On August 13, 2012, the United States District Court for the Central District of California issued the latest decision in Retired Employees Association of Orange County v. County of Orange, a case that has bounced from court to court over the last four years. At issue in the case is whether retired County employees have a vested contractual right to continuation of a “pooling” of their healthcare premiums with those of active County employees. The District Court resoundingly held that the County made no such promise to the retirees.
The District Court’s decision, and the Ninth Circuit’s recent decision in a companion case, Harris v. County of Orange, address the standard of proof a plaintiff must meet to establish a vested contractual right to a particular employment or post-employment benefit. The decisions unequivocally show that the plaintiff’s burden is a high one: the alleged vested right must arise from the text of the governing body’s legislative enactments, with extrinsic evidence considered only to resolve textual ambiguities.
From 1966 through 1984, active and retired County employees paid separate premiums for healthcare benefits. In 1985, the County “pooled” the premiums so that both active employees and retirees paid the same premium. Over the years, “pooling” resulted in the younger (and presumably more healthy) active employees subsidizing the retirees’ premiums. Effective January 1, 2008, the County eliminated “pooling” and established separate premiums for active employees and retirees.
Soon after, the Retired Employees Association of Orange County (REAOC), a nonprofit organization representing County retirees, filed suit in the Central District. REAOC’s complaint alleged that the retirees had a vested contractual right to the “pooling” practice, and that the County’s elimination of “pooling” impaired that right in violation of the Contracts Clause of the United States Constitution. The District Court granted summary judgment for the County, finding no vested contractual right to premium “pooling.”
REAOC appealed to the Ninth Circuit, which in turn certified the following question to the California Supreme Court: “[w]hether, as a matter of California law, a California county and its employees can form an implied contract that confers vested rights to health benefits on retired county employees.” The Court ruled that a vested contractual right may be found when “the statutory language or circumstances accompanying its passage clearlyevince a legislative intent to create private rights of a contractual nature enforceable against the [governmental body].” Thus, a vested right may arise either from express statutory language or by implication from the legislative enactment.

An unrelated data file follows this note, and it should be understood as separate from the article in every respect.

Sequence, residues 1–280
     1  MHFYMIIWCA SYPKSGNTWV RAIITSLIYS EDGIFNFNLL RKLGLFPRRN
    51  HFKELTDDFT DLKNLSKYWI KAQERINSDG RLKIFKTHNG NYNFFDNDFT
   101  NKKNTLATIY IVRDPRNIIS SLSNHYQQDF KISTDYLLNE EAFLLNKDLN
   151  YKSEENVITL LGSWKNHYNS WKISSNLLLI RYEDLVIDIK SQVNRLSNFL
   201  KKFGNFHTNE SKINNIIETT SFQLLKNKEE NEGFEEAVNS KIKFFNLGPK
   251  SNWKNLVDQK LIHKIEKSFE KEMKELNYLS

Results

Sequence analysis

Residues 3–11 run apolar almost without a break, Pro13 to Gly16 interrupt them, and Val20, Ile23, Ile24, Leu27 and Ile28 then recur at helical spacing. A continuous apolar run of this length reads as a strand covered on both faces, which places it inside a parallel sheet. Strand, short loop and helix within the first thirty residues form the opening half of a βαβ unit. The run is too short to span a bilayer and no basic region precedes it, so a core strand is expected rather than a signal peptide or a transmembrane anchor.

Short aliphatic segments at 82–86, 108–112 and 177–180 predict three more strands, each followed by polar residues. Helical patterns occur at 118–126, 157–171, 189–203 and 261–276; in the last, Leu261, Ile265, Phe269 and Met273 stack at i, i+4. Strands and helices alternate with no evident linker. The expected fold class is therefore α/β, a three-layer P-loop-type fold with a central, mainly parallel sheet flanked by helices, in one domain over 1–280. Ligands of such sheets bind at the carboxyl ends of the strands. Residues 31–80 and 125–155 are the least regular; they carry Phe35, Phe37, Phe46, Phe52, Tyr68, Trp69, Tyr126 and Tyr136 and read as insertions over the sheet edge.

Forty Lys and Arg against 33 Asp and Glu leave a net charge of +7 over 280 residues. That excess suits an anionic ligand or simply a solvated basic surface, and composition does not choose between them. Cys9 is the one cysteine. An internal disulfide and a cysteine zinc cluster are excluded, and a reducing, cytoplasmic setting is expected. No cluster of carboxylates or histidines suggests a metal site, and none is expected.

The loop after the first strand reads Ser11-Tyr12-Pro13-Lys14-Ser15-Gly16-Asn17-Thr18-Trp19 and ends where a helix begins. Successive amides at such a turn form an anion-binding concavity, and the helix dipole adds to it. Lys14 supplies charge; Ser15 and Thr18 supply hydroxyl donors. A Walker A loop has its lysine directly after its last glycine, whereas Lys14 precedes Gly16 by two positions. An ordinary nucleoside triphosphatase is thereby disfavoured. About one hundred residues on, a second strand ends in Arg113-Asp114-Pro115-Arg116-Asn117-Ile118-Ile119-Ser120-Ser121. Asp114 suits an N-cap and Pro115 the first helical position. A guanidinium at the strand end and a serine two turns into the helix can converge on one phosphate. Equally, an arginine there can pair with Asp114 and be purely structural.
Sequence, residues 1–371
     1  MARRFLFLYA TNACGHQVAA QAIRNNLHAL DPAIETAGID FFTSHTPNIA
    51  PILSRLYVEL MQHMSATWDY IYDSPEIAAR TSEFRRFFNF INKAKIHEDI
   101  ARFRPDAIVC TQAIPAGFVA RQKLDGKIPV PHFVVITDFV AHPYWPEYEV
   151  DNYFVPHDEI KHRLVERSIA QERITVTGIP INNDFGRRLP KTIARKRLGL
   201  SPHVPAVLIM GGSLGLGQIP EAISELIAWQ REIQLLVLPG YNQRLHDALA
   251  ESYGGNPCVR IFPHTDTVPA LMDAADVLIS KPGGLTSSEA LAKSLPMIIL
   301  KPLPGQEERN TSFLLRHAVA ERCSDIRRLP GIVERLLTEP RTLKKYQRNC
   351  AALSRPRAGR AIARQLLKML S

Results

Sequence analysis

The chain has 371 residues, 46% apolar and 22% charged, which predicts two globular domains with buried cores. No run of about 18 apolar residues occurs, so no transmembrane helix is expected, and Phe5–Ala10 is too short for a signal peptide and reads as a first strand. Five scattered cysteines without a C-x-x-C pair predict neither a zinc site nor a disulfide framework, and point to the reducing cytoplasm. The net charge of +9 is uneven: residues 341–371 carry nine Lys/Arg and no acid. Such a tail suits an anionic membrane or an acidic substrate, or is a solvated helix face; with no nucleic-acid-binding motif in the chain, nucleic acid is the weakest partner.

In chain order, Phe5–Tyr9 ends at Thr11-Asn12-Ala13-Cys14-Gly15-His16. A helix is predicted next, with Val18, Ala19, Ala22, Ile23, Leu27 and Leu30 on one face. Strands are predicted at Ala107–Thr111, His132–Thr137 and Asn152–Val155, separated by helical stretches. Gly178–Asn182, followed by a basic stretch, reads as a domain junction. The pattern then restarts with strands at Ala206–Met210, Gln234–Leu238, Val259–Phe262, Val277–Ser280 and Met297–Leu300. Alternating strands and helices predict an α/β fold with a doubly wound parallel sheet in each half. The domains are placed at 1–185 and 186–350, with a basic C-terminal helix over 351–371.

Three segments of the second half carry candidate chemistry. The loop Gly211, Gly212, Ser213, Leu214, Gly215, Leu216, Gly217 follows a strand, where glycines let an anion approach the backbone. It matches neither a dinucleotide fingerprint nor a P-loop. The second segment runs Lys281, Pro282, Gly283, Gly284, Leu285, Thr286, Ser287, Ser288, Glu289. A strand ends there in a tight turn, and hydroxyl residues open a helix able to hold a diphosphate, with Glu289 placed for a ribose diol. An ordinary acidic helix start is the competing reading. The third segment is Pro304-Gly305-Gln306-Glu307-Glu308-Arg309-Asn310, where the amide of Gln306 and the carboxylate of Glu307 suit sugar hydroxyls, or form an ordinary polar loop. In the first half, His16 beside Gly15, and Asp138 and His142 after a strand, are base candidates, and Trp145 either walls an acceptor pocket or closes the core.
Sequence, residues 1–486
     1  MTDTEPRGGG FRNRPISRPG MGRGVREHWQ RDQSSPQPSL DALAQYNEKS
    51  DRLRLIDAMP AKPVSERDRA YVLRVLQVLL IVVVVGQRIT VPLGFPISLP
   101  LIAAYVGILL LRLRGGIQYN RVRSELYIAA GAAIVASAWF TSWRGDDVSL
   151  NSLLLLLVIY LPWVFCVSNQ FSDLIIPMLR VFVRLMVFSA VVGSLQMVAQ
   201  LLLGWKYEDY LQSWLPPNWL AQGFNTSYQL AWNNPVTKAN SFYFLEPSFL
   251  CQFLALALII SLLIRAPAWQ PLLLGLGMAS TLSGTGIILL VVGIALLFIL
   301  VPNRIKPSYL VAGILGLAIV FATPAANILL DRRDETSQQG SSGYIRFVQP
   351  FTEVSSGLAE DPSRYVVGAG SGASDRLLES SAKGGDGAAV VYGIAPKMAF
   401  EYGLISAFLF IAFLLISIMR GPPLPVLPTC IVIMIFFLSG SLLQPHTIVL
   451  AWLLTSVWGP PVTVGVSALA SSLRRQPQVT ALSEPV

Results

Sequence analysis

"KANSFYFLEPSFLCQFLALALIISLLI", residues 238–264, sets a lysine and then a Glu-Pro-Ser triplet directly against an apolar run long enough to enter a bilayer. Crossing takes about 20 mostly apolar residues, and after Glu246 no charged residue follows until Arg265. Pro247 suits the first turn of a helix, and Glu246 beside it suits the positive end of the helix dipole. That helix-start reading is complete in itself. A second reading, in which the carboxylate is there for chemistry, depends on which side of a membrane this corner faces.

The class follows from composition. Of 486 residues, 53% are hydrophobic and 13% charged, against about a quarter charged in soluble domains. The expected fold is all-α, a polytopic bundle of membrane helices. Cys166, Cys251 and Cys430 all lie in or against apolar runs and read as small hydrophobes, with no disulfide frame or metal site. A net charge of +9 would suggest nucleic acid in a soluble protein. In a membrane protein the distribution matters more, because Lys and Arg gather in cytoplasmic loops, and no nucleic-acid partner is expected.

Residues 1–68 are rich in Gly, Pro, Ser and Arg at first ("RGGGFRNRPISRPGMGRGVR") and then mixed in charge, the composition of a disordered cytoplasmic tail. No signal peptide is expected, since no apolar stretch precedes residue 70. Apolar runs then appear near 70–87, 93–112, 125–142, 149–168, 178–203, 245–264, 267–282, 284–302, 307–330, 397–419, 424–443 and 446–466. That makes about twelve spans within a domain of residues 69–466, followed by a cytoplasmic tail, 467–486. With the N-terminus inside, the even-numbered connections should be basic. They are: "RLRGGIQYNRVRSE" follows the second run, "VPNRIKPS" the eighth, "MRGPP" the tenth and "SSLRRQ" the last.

After the California Supreme Court answered the certified question in the affirmative, the Ninth Circuit remanded the case back to the District Court to apply the high court’s legal standard to the facts of the case.
Harris v. County of Orange
While the REAOC case wound its way up and back, the District Court heard the companion case, Harris. Filed in 2009 on behalf of a class of County retirees, Harris challenged the County’s elimination of a monthly grant toward retirees’ healthcare premiums. As in REAOC, the plaintiffs claimed the County had entered into an implied contract to provide the grant for the retirees’ lifetimes.
In its decision affirming the District Court’s dismissal of the breach of contract claim, the Ninth Circuit applied the California Supreme Court’s legal standard from REAOC. The court first stated that the plaintiffs must allege which specific provisions of a County resolution or ordinance they claim guaranteed the grant would continue. The court found that neither of the memoranda of understanding (MOU) presented by the plaintiffs contained language guaranteeing the grant, but nonetheless allowed the plaintiffs to amend their complaint “to set out specifically the terms of those MOUs on which their claim is predicated.”
The District Court’s Latest Order in REAOC
Using Harris as guidance, the District Court applied the California Supreme Court’s legal standard to the facts of the REAOC case. The court looked first to the County’s healthcare premium resolutions and found no language that indicated the County intended for “pooling” to be a continuing obligation. Instead, the resolutions were approved by the board of supervisors on an annual basis for the upcoming calendar year only. Further, “pooling” began in 1985 in response to a deficit caused by the County’s failure to collect enough premiums from retirees; “pooling” thus originated as “an immediate solution to an immediate problem.”
Because the court found no language in the resolutions that could be interpreted as creating a continuing obligation to “pool” premiums, the court declined to review the extrinsic evidence presented by REAOC, which included 23 years of “pooling,” informal remarks, and informational booklets never incorporated into a formal resolution. The court noted that “course-of-conduct” evidence cannot be used to create an implied contract where the language of the resolution cannot be interpreted to create one.
The California Supreme Court’s REAOC decision left both public agencies and retirees with uncertainty about whether it signaled a move toward increased judicial recognition of implied contracts guaranteeing employee benefits. Harris and the District Court’s latest REAOC decision show that, in practice, it is difficult to establish a vested contractual right to a benefit. The plaintiff must first present a legislative enactment whose text can be read to create the claimed right – only then will the court look to evidence of the parties’ conduct. In both cases, the plaintiffs failed to produce any statutory language that could be interpreted as creating a contractual obligation. Thus, at least initially, it appears that courts will subject claims of a vested contractual right to a high level of scrutiny.